A good leader knows when a project has gone bad and is getting worse. I’m sure everyone can relate to an experience where a project rapidly moved toward failure. Failure is a good teacher and throughout my career I have had my fair share of good teaching experiences. One experience that had a memorable impact on me was the opportunity to assist my father on a project at his home. He had begun an extensive remodeling project on the exterior of his house. Due to unexpected scheduling conflicts with building contractors, we needed to remove some concrete stairs within 24 hours to allow the next building contractor to begin working. If the stairs were not removed in time, there would be a 3 week delay in the project.
I recall standing in front of these steps with my father asking me the question “Chris, what do you think? Is this something we can do ourselves? Or, are we in over our heads?” My response to the question after some reflection was a resounding “Sure! If it absolutely needs to be done by tomorrow, we could be ready to begin in less than two hours. It shouldn’t take more than a couple of hours to get the job done.”
“Benny” another colleague working with us had experience in operating pneumatic jackhammers. He agreed with our position and stepped in to help. Two hours later, a total of three people were ready to execute this project with an air compressor, jackhammer, and safety equipment. We looked like a professional crew who could cut through concrete like it was a piece of cake. But, before I go any farther, let me make it clear that my father and I don’t own a jackhammer and we have never operated one; but how hard could it be – right? We had “Benny” and his experience to guide us.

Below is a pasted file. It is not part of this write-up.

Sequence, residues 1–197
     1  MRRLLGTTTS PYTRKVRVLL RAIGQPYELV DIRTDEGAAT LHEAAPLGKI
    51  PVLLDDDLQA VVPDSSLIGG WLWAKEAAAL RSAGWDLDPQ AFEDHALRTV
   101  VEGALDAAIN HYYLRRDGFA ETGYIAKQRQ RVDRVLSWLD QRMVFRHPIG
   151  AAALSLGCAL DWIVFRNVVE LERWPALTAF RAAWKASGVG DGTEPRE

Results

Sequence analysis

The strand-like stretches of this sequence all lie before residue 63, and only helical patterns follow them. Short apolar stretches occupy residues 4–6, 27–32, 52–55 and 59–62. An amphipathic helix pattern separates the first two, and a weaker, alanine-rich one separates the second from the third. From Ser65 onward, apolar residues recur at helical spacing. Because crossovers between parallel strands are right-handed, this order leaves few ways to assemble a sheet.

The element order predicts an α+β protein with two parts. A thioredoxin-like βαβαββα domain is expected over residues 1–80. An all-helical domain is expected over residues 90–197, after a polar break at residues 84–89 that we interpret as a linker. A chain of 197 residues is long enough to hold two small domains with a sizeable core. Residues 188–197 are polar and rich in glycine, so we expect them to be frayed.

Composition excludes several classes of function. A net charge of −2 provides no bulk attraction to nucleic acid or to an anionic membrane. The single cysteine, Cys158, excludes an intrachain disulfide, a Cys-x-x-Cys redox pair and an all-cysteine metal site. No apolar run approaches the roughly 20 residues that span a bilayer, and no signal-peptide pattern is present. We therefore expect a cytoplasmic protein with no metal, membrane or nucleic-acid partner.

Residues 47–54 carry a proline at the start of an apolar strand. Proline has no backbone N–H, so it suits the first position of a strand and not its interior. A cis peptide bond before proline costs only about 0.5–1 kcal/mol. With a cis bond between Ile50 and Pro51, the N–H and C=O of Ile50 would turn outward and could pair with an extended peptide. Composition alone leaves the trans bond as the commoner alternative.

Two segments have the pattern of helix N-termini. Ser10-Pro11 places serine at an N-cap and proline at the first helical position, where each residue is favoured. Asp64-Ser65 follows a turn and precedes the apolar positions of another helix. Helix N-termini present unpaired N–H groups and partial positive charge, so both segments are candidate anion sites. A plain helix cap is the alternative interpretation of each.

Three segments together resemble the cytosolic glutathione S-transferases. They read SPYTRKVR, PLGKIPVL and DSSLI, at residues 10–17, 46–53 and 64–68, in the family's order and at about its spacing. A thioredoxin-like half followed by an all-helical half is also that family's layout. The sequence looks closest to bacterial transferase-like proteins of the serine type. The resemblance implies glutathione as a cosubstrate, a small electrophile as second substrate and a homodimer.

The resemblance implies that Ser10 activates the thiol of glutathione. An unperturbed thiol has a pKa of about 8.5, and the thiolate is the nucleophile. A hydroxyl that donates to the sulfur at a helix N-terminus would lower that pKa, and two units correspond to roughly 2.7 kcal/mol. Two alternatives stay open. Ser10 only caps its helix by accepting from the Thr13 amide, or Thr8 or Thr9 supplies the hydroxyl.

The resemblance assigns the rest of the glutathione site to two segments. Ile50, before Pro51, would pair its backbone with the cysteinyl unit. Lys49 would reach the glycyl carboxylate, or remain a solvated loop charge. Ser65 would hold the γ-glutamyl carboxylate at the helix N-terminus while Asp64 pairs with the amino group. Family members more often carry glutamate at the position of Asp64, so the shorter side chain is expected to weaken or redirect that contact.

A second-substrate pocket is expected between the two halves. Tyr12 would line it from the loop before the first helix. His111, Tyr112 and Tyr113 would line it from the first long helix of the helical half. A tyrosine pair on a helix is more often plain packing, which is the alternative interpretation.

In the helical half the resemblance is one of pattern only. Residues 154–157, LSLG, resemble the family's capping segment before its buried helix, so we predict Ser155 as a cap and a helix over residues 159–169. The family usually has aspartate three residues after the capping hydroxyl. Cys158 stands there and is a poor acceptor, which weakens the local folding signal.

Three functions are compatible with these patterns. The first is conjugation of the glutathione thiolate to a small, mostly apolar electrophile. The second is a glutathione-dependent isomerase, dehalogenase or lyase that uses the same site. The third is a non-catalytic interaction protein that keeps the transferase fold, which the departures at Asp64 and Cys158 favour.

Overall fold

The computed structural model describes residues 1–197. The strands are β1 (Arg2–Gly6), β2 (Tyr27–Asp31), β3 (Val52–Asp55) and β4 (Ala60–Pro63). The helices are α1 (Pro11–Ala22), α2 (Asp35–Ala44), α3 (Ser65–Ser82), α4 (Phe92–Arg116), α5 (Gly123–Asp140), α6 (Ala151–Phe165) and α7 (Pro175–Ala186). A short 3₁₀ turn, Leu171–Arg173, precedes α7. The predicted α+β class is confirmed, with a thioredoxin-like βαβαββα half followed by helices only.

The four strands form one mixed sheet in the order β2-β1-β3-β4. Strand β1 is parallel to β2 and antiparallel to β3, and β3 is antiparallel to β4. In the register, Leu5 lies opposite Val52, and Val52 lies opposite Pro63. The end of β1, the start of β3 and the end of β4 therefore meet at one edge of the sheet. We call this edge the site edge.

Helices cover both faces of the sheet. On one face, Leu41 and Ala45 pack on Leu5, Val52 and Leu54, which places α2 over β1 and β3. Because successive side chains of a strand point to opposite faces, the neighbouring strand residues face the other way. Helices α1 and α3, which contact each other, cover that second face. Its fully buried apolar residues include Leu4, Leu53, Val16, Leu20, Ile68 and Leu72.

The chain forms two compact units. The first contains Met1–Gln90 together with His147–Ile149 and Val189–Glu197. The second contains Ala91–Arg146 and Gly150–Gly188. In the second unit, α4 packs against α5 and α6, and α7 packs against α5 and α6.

Before beginning any project a good leader will:
- Make an effort to seek input from team members regarding the project
- Check assumptions and outline a plan before starting an undertaking
- Care more about the end results and outcome than who gets the credit
- Avoid doing things that don’t contribute to the end goal or objective
The first 30 minutes of ear splitting work went very well, but took longer than expected. Once we had the edges of the steps broken off, we were left with the mass of a concrete block. The three of us rotated turns on the jackhammer. The progress we made over the next hour was minimal. During this time we changed our approach by using different speeds, different types of cutting bits, and tried cutting the concrete at multiple angles. We stopped and sat down for a few minutes. That’s when the leader stepped up and said “Gentleman, I think we are in over our heads on this project.” He said “This is not a project that we can execute quickly and efficiently – our time is better spent somewhere else.” Collectively agreeing with his comment, we wrapped up the project, made a phone call to the real experts, and went back to our area of expertise – training and consulting.
The expert showed up, took a look at the project, and said it shouldn’t take more than a couple of hours. At this point all of us felt good about the decision we made. Then, more than nine hours later when he had finished the job, we felt even better about our decision to let the professionals finish the job. After the work was finished, the expert said “I’ve never worked on concrete like this in my life. It is EXTREMELY HARD.” His last comment to us was, “You got a good deal from us on this job.”
Much like the business world, we often begin new projects that pose unexpected twists, turns, and unique challenges. A great leader is humble enough to change directions when a project is being driven into the ground like a jackhammer. Be smart, stop and seek input from team members, check assumptions, and change course if necessary. Next time one of your projects gets into a critical phase look around and ask the question “Am I in over my head?” If you know you’ve hit a dead end, bring in the experts. It might even be hard for them, but they should be able to get it done.